ORONO — The Maine Sunday Telegram editorialized June 25 about the need to re-examine the “stigma” associated with vocational education (now called “career and technical education”) and urged changes in the mindset regarding vocational education. The call for “reducing the stigma” of vocational education has been linked to the demands of a changing economy, the modern marketplace and specific worker shortages.

The Telegram’s recommendations parallel remarks made earlier in the year by President Trump in a presentation to American CEOs in which he expressed hope of creating 5 million new apprenticeships over the next five years, part of his larger goal of creating 25 million jobs over a decade. Echoing the Telegram’s sentiments, White House officials declared that “part of the challenge was changing negative attitudes toward vocational education.”

While the “stigma” associated with manual labor is of ancient origin, Maine offers early examples of the pervasiveness of prejudice against those who labored with their hands.

In 1831, the newly formed New England Association of Farmers, Mechanics and Other Working Men, which included Maine mechanics (as those who labored with their hands were called), addressed “the low estimation in which useful labor is held by many whose station in society enable them to give the tone to public opinion.”

A year later, the Maine Working Men’s Advocate of Belfast acknowledged that mechanics were denied “their just bearing in society,” were “struggling against obloquy and prejudice” and often scorned employment that exposed them to “ridicule and contempt.”

Referring to the aristocratic notion that manual labor was degrading, the Bangor Mechanic and Farmer declared in 1837: “There was no denying it. A strong prejudice exists against laborers … .”


In 1841, 127 mechanics from 19 Maine towns and cities organized a state association. It was axiomatic that these “hard-toiling laborers” were concerned about their economic welfare, but they were equally concerned about public perception of their social status. They noted:

“For ages there has existed a prejudice against mechanical pursuits and manual labor, having its origin in the ancient and arbitrary distribution of rights; in false views of the true elements of individual and national prosperity, and in a mistaken idea of the law of God, which makes so much of good to man depend upon physical exercise and steady occupation. And this prejudice is mainly perpetuated, in this country, by neglect among mechanics of a vigorous effort for mental and scientific attainments.”

For the conclave of state mechanics, labor wasn’t “incompatible with refinement, and mental power, and moral greatness.”

Although the Maine Register for 1841 commented that the Maine Charitable Mechanics Association of Portland had done much to “enhance the respectability and intelligence” of mechanics, it was clear that working men, in general, felt the stigma of social inferiority.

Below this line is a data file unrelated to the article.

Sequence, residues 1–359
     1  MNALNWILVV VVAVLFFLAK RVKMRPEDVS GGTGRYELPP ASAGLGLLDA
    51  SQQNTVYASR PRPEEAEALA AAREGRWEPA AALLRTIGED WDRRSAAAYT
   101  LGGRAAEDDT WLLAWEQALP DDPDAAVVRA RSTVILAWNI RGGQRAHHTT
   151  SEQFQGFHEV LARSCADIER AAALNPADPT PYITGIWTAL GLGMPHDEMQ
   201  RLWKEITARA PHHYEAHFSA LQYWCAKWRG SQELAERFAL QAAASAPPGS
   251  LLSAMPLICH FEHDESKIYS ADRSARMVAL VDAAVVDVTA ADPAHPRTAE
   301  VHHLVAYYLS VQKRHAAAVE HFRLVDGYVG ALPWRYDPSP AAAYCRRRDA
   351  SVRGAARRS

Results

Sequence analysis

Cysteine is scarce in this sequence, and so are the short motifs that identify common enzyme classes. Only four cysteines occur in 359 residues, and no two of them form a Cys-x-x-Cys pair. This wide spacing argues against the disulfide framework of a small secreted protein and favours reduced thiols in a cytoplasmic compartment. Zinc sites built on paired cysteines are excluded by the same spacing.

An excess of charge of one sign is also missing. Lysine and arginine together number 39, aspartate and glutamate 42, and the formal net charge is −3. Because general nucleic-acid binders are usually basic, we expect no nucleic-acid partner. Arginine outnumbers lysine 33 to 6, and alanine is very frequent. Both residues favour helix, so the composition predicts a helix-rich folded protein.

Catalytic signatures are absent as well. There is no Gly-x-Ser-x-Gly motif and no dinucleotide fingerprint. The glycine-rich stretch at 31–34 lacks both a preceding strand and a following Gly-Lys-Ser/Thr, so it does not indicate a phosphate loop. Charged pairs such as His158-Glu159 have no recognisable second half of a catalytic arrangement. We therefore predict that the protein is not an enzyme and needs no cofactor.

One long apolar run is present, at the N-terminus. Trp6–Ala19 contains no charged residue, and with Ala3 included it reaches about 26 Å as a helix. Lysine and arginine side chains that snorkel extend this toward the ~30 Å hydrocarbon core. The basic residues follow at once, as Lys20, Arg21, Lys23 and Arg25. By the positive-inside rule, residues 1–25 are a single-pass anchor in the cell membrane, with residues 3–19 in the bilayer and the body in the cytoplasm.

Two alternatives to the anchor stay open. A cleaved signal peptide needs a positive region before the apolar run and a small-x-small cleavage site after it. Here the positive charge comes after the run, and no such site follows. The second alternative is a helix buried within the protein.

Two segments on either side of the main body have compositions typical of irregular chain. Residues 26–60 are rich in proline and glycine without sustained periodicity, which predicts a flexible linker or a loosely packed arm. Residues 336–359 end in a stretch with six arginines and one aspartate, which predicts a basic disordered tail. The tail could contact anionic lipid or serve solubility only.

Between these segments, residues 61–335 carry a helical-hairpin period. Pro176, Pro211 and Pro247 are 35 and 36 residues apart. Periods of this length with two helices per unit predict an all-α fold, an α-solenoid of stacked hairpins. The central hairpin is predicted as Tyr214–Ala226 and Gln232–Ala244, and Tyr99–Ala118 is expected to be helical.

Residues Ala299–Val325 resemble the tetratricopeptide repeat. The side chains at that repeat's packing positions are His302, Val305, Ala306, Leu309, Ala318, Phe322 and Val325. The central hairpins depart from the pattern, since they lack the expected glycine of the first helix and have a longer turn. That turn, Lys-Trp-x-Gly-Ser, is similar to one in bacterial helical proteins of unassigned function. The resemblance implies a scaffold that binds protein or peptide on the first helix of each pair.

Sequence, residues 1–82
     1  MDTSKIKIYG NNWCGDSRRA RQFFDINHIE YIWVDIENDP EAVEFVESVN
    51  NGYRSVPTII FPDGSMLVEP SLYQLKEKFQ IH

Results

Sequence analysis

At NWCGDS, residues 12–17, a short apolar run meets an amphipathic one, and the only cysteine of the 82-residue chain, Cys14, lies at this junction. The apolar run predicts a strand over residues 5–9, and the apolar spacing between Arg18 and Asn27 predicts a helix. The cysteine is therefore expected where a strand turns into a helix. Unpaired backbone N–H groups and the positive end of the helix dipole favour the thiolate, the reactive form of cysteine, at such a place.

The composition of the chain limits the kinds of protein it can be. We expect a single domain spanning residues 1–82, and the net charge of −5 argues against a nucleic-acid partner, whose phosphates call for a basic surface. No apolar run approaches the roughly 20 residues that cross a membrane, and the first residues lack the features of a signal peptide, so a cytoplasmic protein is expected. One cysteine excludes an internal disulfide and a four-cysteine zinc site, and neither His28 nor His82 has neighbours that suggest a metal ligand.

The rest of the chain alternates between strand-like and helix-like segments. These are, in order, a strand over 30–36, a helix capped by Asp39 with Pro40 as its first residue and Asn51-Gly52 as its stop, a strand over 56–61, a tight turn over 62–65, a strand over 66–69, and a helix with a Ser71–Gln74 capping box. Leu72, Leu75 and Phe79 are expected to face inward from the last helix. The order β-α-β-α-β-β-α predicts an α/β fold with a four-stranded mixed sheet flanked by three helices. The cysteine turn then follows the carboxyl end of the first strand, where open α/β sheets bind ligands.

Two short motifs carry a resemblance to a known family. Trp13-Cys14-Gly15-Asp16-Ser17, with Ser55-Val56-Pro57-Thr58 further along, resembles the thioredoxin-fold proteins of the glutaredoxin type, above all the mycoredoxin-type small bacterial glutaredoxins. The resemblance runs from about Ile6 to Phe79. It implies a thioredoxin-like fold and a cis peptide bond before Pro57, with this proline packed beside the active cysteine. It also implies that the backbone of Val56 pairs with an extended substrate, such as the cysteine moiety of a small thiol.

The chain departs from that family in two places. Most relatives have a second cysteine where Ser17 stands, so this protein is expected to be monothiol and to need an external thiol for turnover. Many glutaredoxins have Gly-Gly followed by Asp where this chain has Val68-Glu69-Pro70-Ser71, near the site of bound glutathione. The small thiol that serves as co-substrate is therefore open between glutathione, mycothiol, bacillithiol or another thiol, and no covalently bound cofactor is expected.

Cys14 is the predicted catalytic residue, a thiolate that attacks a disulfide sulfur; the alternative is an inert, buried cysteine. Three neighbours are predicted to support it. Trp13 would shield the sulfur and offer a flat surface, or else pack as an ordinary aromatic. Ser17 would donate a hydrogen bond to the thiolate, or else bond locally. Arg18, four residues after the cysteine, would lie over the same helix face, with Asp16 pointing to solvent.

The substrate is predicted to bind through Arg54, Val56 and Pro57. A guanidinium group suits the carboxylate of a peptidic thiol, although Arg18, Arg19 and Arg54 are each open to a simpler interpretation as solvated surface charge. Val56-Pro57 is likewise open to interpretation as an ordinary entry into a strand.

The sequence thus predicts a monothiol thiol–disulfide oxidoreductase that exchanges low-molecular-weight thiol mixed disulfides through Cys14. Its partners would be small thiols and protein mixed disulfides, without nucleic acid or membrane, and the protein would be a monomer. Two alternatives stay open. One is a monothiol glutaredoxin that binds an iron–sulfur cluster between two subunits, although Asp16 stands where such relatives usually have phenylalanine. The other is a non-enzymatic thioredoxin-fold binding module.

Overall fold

In challenging their low status in society, Maine mechanics were not lacking in ideology. They were persistent in emphasizing their critical role in creating the foundation of civilization. Their work and skills, they maintained, were resources that made a difference in the quality of human existence. They were not simply units of energy. They were the “working,” “industrious” or “producing” classes,” not the “lower classes.” They owed deference to no one in terms of their importance to the community and civilization itself and their rights as citizens.

The social value of those who created the wealth of society was often contrasted with the arrogance that those of wealth and rank showed toward those who labored with their hands.

The negative view of working men in Maine was reflected in the terms used to describe them when they engaged in political action, e.g., “levelers,” “workies,” “dirty-shirt parties” and “rabble.” Some cried out, “Who are they!!!, i.e., the Mechanics, the Nailers, the Truckmen and the Laboring classes generally, nothing but ‘broken merchants and common grocers!!!’ not a well dressed man among them, the rag-tag and bobtails of society.”

In 1849, a legislative select committee investigating Maine workers’ demand for a 10-hour workday provided a glimpse of the disdain shown toward those who labored with their hands when the panel noted that wealth too often tends to “beget an overbearing disposition.”

The Telegram’s recent editorial offers testimony to the endurance of a negative stereotype of those who engage in work believed by others to be beneath their station in life. A changing economic order demands that educational institutions re-evaluate their mission; in the process, they will be compelled to create a renaissance of the dignity and value of work articulated by Maine’s mechanics of yesterday.

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